By Noah Hubbell
By Kiernan Maletsky
By Tom Murphy
By Noah Hubbell
By Alex Distefano
By Darryl Smyers
By Jon Solomon
By Britt Chester
Maggie Simpson is an acoustic guitarist and songwriter, a teacher who instructs other musicians on how to connect emotionally with their own art. Three years ago, Simpson left Boulder for Laramie, Wyoming, our dusty metropolitan cousin to the north, where many a saloon window is darted with historic bullet holes and the slow, cowboy pace of civic life allows plenty of time for picking and playing. So these days, Simpson's entitled to be a bit of a dreamer.
For the past few months, her Rocky Mountain reveries have focused on the Acoustic Carnival, an ambitious, mobile series of acoustic performances that Simpson's launching this week. On Thursday, January 10, at the Soiled Dove, Acoustic Carnival Volume One will showcase Simpson and Fort Collins's always excellent Three Twins (led by John Magnie, a former Subdude), as well as Massachusetts-based songwriters Beth Amseland Christopher Williams. Like all of the Carnival-affiliated events to follow, Thursday's show will feature a mix of regional and touring national talent in an environment that encourages improvisation and spontaneity. Simpson, for example, would be delighted if Magnie and his mates decided to join in on one of her songs, and she says she's ready to return the favor.
"We really want to encourage people to participate in each other's songs," she says. "That's something that I find audiences really appreciate. When the performers are having a great time -- laughing and joking and ribbing each other -- there's this energy on stage, this wonderful lift, and the audience gets to go on the ride."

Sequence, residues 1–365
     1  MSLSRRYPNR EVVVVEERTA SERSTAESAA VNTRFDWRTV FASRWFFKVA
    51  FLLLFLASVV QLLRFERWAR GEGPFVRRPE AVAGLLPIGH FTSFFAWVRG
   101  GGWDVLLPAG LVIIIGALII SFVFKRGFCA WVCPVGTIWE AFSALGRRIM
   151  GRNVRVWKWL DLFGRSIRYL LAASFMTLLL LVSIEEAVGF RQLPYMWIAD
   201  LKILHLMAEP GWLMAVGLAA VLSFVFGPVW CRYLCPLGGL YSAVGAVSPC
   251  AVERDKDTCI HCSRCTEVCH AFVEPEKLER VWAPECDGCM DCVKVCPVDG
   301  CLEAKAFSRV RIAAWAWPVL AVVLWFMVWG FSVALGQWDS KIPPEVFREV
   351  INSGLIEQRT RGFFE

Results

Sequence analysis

Simpson frequently describes the Carnival in travel terms, which is appropriate considering its roving nature. Though she plans four big shows per year, in venues from the Dove to the Boulder Theater, Simpson also envisions the series moving into smaller spaces such as Swallow Hill, or even the itsy bitsy Acoustic Cafe in Nederland. Although initially a Colorado affair, the Carnival could swing into Utah, New Mexico and Wyoming, with a special stop at the historic Wyo Theater in Sheridan. The idea, she explains, is to create a performance series that's mutually beneficial for the audiences that show up to listen and the musicians who entertain them. Eventually, the series might become a handy showcase-type opportunity for bands hoping to pitch themselves to record execs willing to make a stop at a Denver club on their way to a weekend of skiing in Vail.
"It's a big country, and everyone has got to come through here, right? On their way to one end or the other, they do," Simpson says. "That creates opportunities for us as musicians -- to be seen, to network and just to bring in some players that the average person might not have heard of but who are wonderful, wonderful musicians."